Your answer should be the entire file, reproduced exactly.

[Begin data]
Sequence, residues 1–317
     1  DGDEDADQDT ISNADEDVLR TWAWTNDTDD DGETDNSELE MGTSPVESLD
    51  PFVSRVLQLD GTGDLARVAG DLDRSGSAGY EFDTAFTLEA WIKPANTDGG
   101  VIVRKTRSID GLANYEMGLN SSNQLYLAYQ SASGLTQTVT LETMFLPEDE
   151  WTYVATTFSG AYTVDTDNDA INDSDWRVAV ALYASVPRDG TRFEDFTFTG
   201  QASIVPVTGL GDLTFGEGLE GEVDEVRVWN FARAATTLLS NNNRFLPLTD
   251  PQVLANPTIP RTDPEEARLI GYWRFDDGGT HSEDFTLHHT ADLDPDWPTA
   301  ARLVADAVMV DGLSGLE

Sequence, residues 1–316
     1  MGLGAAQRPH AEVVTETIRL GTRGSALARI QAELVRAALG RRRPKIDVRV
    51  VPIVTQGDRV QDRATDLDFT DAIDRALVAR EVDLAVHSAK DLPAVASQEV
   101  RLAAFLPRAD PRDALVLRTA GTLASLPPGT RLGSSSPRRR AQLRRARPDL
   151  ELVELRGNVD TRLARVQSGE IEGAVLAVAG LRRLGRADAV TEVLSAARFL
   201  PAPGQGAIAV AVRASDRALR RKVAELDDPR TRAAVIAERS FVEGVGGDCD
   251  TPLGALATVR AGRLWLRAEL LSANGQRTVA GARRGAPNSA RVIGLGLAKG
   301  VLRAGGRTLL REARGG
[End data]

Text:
Sequence, residues 1–317
     1  DGDEDADQDT ISNADEDVLR TWAWTNDTDD DGETDNSELE MGTSPVESLD
    51  PFVSRVLQLD GTGDLARVAG DLDRSGSAGY EFDTAFTLEA WIKPANTDGG
   101  VIVRKTRSID GLANYEMGLN SSNQLYLAYQ SASGLTQTVT LETMFLPEDE
   151  WTYVATTFSG AYTVDTDNDA INDSDWRVAV ALYASVPRDG TRFEDFTFTG
   201  QASIVPVTGL GDLTFGEGLE GEVDEVRVWN FARAATTLLS NNNRFLPLTD
   251  PQVLANPTIP RTDPEEARLI GYWRFDDGGT HSEDFTLHHT ADLDPDWPTA
   301  ARLVADAVMV DGLSGLE

Sequence, residues 1–316
     1  MGLGAAQRPH AEVVTETIRL GTRGSALARI QAELVRAALG RRRPKIDVRV
    51  VPIVTQGDRV QDRATDLDFT DAIDRALVAR EVDLAVHSAK DLPAVASQEV
   101  RLAAFLPRAD PRDALVLRTA GTLASLPPGT RLGSSSPRRR AQLRRARPDL
   151  ELVELRGNVD TRLARVQSGE IEGAVLAVAG LRRLGRADAV TEVLSAARFL
   201  PAPGQGAIAV AVRASDRALR RKVAELDDPR TRAAVIAERS FVEGVGGDCD
   251  TPLGALATVR AGRLWLRAEL LSANGQRTVA GARRGAPNSA RVIGLGLAKG
   301  VLRAGGRTLL REARGG